Rare winter storm brings more than 3 inches of snow to parts of Georgia


Today: Partly cloudy. High: 38

Tonight: Mostly clear. Low: 23

Tomorrow: Cold. High: 33

» For a detailed forecast, visit The Atlanta Journal-Constitution weather page.

It’s been nearly 30 years since Savannah and parts of the Georgia coast saw this much snow, according to Channel 2 Action News. 

Bulloch and Effingham counties, which are northwest of Savannah, saw 3.5 inches, Channel 2 meteorologist Brad Nitz said. 

Officially, 1.2 inches of snow fell at the Savannah airport. 

“That’s sixth place on the all-time snowfall total list and the most since December 23, 1989,” Nitz said. “No. 1 on the list is 3.6 inches on February 8, 1968.”

Ned and Kim Gay live in Savannah's historic Ardsley Park neighborhood, one block from where a giant water oak came crashing down on a house during Hurricane-turned-Tropical Storm-Irma last year.

Just a few months later, the crazy weather was back, this time in the form of something they rarely see.

"Icicles, on the house!" an incredulous Kim Gay said.

Her husband was headed to work in downtown Savannah on Wednesday morning when his business partner called with a warning about the icy roads, growing slicker by the minute. They quickly reassessed things, given the closure of the Savannah/Hilton Head International Airport and word that the Truman Parkway was closing due to icy conditions. By mid-morning, she rendered a wise verdict: "We're staying home today."

What started as sleet quickly changed over to snow throughout Chatham County, Channel 2 reported. The system then moved into South Carolina, where even more snow accumulated. 

Charleston saw 5 inches, Nitz said. 

“That’s third place on the all-time snowfall list and the most since February 10, 1973,” he said. “No. 1 on the list is 6 inches on December 23, 1989.”

Two brothers indulge in a rare snowball fight outside of Charleston, S.C. (Credit: John Emerson)

By 9:15 p.m., fewer than 9,000 people were affected by 319 power outages, according to Georgia Power.

Gov. Nathan Deal earlier declared a state of emergency through Friday for 28 counties in the coastal region.

MORE: State of emergency declared for coastal Georgia ahead of winter storm

As the snow accumulated and visibility on I-16 dropped Wednesday, the Chatham Emergency Management Agency announced the closure of the airport. Some travelers, however, who were already at the airport were stranded, Monahan said. The airport will remain closed until at least 8 a.m. Thursday, he said.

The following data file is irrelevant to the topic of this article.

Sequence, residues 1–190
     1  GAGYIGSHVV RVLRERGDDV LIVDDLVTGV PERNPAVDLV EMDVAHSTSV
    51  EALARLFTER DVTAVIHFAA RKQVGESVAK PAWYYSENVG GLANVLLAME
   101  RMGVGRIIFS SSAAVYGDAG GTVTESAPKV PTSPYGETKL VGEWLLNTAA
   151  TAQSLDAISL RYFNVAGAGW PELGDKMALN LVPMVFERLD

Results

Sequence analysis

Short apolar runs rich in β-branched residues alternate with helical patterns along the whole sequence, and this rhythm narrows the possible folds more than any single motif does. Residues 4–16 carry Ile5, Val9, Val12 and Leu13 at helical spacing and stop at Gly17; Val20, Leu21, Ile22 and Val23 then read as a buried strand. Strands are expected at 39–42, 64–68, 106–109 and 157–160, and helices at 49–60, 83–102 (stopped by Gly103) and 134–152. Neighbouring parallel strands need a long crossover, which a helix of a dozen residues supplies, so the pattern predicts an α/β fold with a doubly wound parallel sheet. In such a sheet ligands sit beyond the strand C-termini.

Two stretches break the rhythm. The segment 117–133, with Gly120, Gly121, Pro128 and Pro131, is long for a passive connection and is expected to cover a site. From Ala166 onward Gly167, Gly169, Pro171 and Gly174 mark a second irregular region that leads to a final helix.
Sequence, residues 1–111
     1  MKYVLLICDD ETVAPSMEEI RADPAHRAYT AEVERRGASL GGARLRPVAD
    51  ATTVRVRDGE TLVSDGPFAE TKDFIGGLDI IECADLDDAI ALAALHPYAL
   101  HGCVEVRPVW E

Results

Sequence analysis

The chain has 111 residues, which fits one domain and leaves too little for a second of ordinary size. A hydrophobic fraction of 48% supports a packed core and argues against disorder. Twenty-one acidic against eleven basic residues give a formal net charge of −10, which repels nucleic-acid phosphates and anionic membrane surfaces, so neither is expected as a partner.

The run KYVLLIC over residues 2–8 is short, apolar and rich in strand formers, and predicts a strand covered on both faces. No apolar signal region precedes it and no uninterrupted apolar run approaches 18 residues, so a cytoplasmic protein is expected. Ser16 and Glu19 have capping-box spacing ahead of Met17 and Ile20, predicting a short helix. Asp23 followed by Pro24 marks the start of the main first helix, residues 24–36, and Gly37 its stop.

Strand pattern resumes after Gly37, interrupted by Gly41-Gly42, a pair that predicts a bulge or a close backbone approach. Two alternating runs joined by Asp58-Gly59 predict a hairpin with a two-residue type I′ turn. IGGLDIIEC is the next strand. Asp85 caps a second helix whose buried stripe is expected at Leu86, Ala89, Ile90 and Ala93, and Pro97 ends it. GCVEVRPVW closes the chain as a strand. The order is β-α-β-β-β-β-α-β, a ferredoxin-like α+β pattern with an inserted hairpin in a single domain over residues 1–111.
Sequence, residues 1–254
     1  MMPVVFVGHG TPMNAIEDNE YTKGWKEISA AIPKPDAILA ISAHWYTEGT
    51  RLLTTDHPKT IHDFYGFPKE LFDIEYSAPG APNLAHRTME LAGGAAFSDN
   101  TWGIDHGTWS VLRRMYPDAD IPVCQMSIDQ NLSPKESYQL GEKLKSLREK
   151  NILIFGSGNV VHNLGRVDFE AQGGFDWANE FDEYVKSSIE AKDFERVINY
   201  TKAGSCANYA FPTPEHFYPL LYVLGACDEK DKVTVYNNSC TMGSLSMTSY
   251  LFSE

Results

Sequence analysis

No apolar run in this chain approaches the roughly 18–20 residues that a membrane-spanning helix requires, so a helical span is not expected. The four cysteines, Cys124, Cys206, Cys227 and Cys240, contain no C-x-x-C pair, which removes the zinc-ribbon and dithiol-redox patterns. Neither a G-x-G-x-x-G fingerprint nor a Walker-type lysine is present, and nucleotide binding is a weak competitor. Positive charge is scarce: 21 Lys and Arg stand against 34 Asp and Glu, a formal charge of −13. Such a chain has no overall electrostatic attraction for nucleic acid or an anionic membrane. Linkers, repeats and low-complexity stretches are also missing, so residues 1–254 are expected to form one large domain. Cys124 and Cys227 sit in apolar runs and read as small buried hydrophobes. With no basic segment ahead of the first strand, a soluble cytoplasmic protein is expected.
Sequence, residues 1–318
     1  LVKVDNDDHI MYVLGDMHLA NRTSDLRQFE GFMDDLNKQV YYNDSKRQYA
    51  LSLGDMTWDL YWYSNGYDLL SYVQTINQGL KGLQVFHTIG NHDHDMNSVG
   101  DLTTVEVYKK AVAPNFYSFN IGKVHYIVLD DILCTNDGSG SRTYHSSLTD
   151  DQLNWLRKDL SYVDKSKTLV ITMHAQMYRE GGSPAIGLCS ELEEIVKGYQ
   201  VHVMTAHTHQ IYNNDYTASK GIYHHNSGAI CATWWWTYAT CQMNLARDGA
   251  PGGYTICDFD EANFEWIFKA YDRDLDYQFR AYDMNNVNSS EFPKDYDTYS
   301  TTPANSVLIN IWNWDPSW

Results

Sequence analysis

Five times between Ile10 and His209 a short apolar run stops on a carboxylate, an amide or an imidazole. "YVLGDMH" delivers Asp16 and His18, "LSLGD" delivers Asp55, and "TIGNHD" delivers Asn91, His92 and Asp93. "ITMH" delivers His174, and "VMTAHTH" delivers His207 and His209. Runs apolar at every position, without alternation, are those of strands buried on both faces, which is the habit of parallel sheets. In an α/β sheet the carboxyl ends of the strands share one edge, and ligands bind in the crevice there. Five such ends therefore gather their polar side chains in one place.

Snow covered I-16 at U.S. 201/U.S. 25 in Statesboro. (Credit: Georgia Department of Transportation)

Savannah State University, Savannah Technical College, Savannah College of Art and Design, city offices and Savannah-Chatham Public Schools previously announced they would be closed Wednesday.

The Georgia Department of Public Safety warned drivers to “use extreme caution” and tweeted about dangerous conditions on local highways.

Multiple roads in Chatham County were closed, according to emergency officials.

While no roads or bridges were closed in Glynn County, they were icy, slick and unsafe, Brunswick police said.

“If you can stay off the roads,” the department said in a Facebook post, “please do so.”

Glynn and Camden counties also face a coastal flood advisory in effect until 10 p.m. Wednesday.

“Rip currents will be life threatening,” the National Weather Service said in the advisory.

City offices in Savannah are expected to reopen at noon Thursday and Savannah City Council meets at 2 p.m. with a work session afterward. 

Closer to home, low temps are the concern.

“We just don’t have the moisture here to see any snow,” Nitz said.

Metro Atlanta is not part of Deal’s emergency declaration, but it is part of a wind chill advisory that goes into effect at 5 a.m. Thursday.

MORE: What does the advisory mean? 

“It will be dangerously cold,” Channel 2 meteorologist Karen Minton said. “We could have winds up to 30 mph (Thursday). And that’s going to make it feel awful.”

As a result, Murray County schools announced it will delay classes Thursday by two hours, according to Channel 2.

Atlanta could wake up to lows in the teens Thursday and the wind chill could make it feel colder than that.

“Temperatures will feel like 5 degrees to 10 degrees below zero,” Minton said. “Exposed skin can get frostbite in as little as 30 minutes in this cold.”

The advisory, which covers Bartow, Carroll, Cherokee, Clayton, Cobb, Coweta, DeKalb, Douglas, Fayette, Forsyth, Gwinnett, Hall, Fulton, Paulding and other counties, is set to expire at 10 a.m. Thursday, according to the National Weather Service.

Currently, the temperature is 31 degrees in Atlanta. The high is expected to reach only 33 degrees Thursday.

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